Real Madrid Changes Logo in Deal With Abu Dhabi Bank

Real Madrid
Cristiano Ronaldo of Real Madrid celebrates his goal against Borussia Dortmund during their Champions League quarter-final Paul Hanna/REUTERS

Spanish football giant Real Madrid have removed the cross from their club logo as part of a deal with the National Bank of Abu Dhabi, the leading bank in the United Arab Emirates.

While the meeting between Abu Dhabi bank officials and the team, represented by by four of Real's biggest stars including one of the world's most expensive players Gareth Bale, took place in September, Marca - Spain's national sports newspaper which has close associations with the club - only put up the images of the proceedings this week.

Close ups of a newly designed credit card for the National Bank, which features the club's logo, showed that the cross had been removed from the top of the crown on the team's crest. Marca suggested that the reason the Christian symbol had been removed was "to avoid causing offence or discomfort among Muslim customers".

The team has since come under scrutiny for tampering with Real Madrid's historic logo for the apparent benefit of attracting Middle Eastern partners, with Marca arguing that "the club is willing to compromise on aspects of its identity" to do so.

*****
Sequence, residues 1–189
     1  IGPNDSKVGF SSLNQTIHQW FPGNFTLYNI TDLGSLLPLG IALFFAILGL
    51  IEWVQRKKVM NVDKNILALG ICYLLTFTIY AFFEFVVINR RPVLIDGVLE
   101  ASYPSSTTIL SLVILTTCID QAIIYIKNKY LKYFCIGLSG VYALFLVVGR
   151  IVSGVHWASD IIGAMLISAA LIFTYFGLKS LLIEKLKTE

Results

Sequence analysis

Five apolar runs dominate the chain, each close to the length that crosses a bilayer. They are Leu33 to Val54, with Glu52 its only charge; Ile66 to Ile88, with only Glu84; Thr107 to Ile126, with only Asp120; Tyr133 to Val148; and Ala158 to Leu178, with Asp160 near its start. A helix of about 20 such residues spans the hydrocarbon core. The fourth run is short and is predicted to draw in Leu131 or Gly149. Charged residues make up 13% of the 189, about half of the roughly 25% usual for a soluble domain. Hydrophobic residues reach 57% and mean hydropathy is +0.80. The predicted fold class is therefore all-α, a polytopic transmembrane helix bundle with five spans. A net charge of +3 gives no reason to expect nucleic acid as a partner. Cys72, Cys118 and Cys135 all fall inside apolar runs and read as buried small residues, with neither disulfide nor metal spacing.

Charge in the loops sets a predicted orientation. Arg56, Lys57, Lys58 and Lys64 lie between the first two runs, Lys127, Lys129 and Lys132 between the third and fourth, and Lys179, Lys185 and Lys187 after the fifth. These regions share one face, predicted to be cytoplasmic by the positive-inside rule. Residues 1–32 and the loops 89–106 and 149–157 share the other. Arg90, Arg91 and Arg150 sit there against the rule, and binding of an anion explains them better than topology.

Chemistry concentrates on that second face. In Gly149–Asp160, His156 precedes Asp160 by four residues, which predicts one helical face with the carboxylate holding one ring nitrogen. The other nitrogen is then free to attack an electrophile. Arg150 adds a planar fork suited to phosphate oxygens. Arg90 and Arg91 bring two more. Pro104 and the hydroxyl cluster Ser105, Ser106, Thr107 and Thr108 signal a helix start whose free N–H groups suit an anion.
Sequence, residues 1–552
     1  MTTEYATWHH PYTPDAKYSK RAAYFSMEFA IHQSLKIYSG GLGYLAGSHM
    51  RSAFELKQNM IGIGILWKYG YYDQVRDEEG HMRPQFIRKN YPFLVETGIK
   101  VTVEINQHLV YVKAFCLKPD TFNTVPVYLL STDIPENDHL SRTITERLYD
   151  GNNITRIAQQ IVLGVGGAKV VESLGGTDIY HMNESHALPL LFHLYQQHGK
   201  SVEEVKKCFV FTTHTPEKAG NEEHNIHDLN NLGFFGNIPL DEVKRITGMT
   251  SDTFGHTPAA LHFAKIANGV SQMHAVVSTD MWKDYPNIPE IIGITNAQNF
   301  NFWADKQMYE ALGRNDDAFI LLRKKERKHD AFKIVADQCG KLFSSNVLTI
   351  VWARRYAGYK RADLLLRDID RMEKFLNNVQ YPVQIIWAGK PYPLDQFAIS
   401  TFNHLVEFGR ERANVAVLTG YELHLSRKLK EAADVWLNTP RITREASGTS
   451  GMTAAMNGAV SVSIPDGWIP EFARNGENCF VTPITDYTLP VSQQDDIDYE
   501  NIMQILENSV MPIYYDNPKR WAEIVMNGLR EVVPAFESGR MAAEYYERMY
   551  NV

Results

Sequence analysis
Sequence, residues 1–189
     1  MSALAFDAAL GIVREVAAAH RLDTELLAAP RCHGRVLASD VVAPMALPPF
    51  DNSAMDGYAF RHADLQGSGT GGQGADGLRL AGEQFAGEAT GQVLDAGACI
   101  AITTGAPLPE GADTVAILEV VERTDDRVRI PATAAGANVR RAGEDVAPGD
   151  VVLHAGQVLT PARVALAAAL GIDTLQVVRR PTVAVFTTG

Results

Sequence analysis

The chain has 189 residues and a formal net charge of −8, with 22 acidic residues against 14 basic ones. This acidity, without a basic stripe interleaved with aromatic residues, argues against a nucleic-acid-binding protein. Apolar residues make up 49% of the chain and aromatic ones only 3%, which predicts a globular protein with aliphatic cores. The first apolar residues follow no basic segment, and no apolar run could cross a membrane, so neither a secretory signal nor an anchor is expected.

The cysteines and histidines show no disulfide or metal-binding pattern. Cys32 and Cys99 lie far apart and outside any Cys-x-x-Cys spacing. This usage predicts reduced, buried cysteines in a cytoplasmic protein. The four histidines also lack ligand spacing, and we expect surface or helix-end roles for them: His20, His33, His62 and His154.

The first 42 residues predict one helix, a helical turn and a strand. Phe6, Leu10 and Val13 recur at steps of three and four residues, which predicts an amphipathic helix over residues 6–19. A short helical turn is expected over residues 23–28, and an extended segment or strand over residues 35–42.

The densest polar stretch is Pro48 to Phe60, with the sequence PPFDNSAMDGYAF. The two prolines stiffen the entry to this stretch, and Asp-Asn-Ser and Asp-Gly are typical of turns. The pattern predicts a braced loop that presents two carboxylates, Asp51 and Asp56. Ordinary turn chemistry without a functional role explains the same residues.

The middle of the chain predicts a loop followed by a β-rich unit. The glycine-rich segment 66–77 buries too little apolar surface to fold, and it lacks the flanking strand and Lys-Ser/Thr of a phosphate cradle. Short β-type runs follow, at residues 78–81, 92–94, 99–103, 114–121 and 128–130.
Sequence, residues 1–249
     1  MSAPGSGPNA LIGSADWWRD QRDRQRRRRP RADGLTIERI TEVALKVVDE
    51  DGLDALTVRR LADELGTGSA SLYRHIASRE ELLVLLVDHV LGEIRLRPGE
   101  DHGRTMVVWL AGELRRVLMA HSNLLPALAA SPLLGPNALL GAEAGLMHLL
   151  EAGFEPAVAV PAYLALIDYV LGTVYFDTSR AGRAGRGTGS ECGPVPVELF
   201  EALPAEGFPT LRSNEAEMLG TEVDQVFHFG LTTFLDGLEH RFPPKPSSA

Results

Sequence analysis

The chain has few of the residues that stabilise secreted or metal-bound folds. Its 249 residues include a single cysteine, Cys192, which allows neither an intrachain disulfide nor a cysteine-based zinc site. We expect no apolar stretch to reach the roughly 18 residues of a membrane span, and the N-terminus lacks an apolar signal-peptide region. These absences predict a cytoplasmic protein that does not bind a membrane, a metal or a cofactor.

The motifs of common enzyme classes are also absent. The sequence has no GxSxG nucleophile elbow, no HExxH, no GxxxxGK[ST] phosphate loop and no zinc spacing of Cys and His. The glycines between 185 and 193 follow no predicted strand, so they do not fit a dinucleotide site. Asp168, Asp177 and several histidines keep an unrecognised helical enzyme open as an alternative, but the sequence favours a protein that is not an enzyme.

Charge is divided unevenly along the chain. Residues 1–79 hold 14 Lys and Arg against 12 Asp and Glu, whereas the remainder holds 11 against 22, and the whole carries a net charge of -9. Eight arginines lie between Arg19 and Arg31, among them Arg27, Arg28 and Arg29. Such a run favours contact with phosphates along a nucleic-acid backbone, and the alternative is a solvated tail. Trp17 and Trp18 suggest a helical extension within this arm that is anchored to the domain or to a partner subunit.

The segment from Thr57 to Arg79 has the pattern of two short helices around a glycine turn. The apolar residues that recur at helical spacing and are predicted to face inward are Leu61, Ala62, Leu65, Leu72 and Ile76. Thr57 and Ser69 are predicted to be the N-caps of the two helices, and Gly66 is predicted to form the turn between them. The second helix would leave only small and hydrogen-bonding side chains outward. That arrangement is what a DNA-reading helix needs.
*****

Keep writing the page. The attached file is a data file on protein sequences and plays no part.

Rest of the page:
The symbol holds significance in the history of Real Madrid as it signifies the team's relationship with Spain's royal family. The symbol was introduced in the 1920s as part of the emblem of the Spanish crown, when the club was given the title Real (Royal) by King Alfonso XIII and represented the Spanish royal house.

The cross above Real Madrid's logo will be edited out of products like the new National Bank of Abu Dhabi bank cards after the two agreed a three year partnership in September 2014, according to Marca. Andrea Comas/Reuters

The team's deal with Abu Dhabi will continue until at least 2017 and is worth approximately €90 million. The club has not commented on whether any other products carrying the Real Madrid logo will feature the edited version either for the Middle Eastern market or elsewhere.

This is not the first instance a football club has come under scrutiny for changing their traditional livery to attract Middle Eastern investment. Real's bitter rivals FC Barcelona broke a 113-year-long tradition of having no corporate sponsor logos on their kits when they agreed a sponsorship deal with Qatar Airways last year.

The Barcelona jersey had previously only featured names of charities such as UNICEF or no sponsors at all.

Middle Eastern businesses currently hold some of the most lucrative sponsorship deals in world football. Abu Dhabi Etihad Airways' deal with the current English Premier League champions Manchester City tops the list with their £50 million a year contract.

The company also sponsors French champions Paris Saint Germain, while their rivals, Fly Emirates are partners with both Real Madrid and English FA Cup holders Arsenal.